Paul Heckingbottom: Hibs’ structure and style suit my leadership
Paul Heckingbottom is confident the structure at Hibs is the ideal fit for his style of leadership.
The new Hibs head coach left Barnsley a year ago after fearing his successful spell would become more difficult to manage, and only lasted four months at Leeds before becoming their latest managerial casualty.
The 41-year-old has admitted he was “naive” over taking the Leeds job but he feels he can rebuild his career in Scotland.
“Hibs always stood out to me as a club with a plan, a real clear way of how they wanted to do things and be successful, and that was reinforced through the process and the conversations,” said Heckingbottom, who led Barnsley to promotion to the Sky Bet Championship and a Football League Trophy win.
“When you think it’s a good fit, which I did, I think you’ve got to go for it.”
Hibs moved to a head coach structure when Alan Stubbs took over in 2014 with head of football operations George Craig involved in the recruitment of players and the head coach.
When asked about his title, Heckingbottom said: “It’s irrelevant. You go into a club and you know what everyone’s roles and responsibilities are.
“I’ve been called head coach and manager, I’ve been a CEO, I’ve been head of recruitment, I’ve done the lot.
“At other clubs you might be head coach but your hands are tied in lots of areas.
“Title means absolutely nothing to me, it was more the conversations you have about what’s expected of me, what do I expect from other people, what our overall expectations are, how we are going to get there. And that’s what fitted well.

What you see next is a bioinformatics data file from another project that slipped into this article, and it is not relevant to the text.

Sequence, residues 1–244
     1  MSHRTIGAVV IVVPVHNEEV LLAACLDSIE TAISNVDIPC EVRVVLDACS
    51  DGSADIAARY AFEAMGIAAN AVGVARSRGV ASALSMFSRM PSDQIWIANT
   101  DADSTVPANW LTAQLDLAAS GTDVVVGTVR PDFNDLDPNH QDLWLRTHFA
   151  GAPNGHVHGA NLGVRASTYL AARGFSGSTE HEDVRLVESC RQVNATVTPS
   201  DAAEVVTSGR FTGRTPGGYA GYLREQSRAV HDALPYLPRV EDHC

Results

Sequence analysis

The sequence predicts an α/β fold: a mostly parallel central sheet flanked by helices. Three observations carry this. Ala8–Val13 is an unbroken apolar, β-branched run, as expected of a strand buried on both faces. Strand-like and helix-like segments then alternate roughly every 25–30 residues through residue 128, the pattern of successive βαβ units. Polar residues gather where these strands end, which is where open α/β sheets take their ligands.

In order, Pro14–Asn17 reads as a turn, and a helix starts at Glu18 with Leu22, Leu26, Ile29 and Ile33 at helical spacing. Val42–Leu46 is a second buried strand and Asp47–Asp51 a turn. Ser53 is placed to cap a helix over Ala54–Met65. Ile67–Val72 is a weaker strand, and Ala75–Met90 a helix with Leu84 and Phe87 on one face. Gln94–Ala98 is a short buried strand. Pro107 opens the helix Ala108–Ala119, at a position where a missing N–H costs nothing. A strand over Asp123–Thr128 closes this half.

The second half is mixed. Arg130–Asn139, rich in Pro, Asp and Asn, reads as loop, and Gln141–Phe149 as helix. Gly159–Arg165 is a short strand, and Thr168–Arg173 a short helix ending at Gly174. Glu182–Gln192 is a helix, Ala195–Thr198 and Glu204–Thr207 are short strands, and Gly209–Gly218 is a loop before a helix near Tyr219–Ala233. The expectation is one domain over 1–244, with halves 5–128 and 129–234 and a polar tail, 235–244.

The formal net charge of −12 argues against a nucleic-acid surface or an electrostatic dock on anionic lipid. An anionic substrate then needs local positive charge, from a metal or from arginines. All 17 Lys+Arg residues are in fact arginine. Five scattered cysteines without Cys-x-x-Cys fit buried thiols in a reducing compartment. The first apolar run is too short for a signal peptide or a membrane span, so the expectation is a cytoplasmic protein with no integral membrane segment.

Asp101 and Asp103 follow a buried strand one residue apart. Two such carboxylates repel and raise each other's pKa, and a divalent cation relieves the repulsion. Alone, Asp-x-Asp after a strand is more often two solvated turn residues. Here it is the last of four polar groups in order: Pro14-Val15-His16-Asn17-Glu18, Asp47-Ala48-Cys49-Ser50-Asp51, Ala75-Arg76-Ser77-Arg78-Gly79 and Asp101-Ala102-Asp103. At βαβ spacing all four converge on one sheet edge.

“How I would do it was very similar to here based on resources and infrastructure.
“Your problems come when goalposts change. That’s when you might be working towards one set of things for six weeks and all of a sudden the resources you’ve got or people’s minds change and you have wasted six weeks.”
Stubbs led Hibs to their first Scottish Cup in 114 years before Neil Lennon guided them to promotion and a fourth-placed finish in Scotland last season.
“That’s an appeal for me,” Heckingbottom said. “It’s evidence of good work behind the scenes: two people have been in charge and done really good jobs, but done really good jobs within this support and infrastructure.
“Now we are in with the elite and the margins are much smaller so the job becomes much more difficult, but that’s the attraction of it.
“There has been some really good work and I’d love to be able to follow that and keep adding to that.”
Heckingbottom’s first game in charge comes on Saturday against Hamilton at Easter Road and he is confident his new players can adapt to his style.
“We have got a lot of energy, a lot of legs, which is great because we want to be a threat on the counter, we want to press high up the pitch, and we want technical players who can keep the ball.
“We want to be on the front foot all the time, when we win the ball we want to play forward. I don’t want any fear. I’m not bothered if we lose the ball. If we lose the ball trying to do the right things, great, we will just try and win it back high up the pitch.
“We want to be difficult to play against, play on the front foot, play with an energy and pace that’s exciting.”